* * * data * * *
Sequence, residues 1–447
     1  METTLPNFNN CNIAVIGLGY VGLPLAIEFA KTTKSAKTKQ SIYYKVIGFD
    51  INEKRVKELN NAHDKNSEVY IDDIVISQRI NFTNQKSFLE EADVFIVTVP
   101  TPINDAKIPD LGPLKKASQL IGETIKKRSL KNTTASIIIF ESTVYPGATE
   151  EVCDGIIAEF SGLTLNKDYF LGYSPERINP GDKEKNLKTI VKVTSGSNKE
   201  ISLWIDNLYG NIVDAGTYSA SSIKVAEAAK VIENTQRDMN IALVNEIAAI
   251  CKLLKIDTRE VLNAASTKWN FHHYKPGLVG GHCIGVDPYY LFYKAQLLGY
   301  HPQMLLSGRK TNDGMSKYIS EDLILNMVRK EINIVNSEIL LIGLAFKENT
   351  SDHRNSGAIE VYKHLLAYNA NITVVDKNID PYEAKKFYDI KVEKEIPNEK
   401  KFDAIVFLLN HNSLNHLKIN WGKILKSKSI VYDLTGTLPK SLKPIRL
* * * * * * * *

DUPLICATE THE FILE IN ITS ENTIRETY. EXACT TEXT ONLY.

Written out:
Sequence, residues 1–447
     1  METTLPNFNN CNIAVIGLGY VGLPLAIEFA KTTKSAKTKQ SIYYKVIGFD
    51  INEKRVKELN NAHDKNSEVY IDDIVISQRI NFTNQKSFLE EADVFIVTVP
   101  TPINDAKIPD LGPLKKASQL IGETIKKRSL KNTTASIIIF ESTVYPGATE
   151  EVCDGIIAEF SGLTLNKDYF LGYSPERINP GDKEKNLKTI VKVTSGSNKE
   201  ISLWIDNLYG NIVDAGTYSA SSIKVAEAAK VIENTQRDMN IALVNEIAAI
   251  CKLLKIDTRE VLNAASTKWN FHHYKPGLVG GHCIGVDPYY LFYKAQLLGY
   301  HPQMLLSGRK TNDGMSKYIS EDLILNMVRK EINIVNSEIL LIGLAFKENT
   351  SDHRNSGAIE VYKHLLAYNA NITVVDKNID PYEAKKFYDI KVEKEIPNEK
   401  KFDAIVFLLN HNSLNHLKIN WGKILKSKSI VYDLTGTLPK SLKPIRL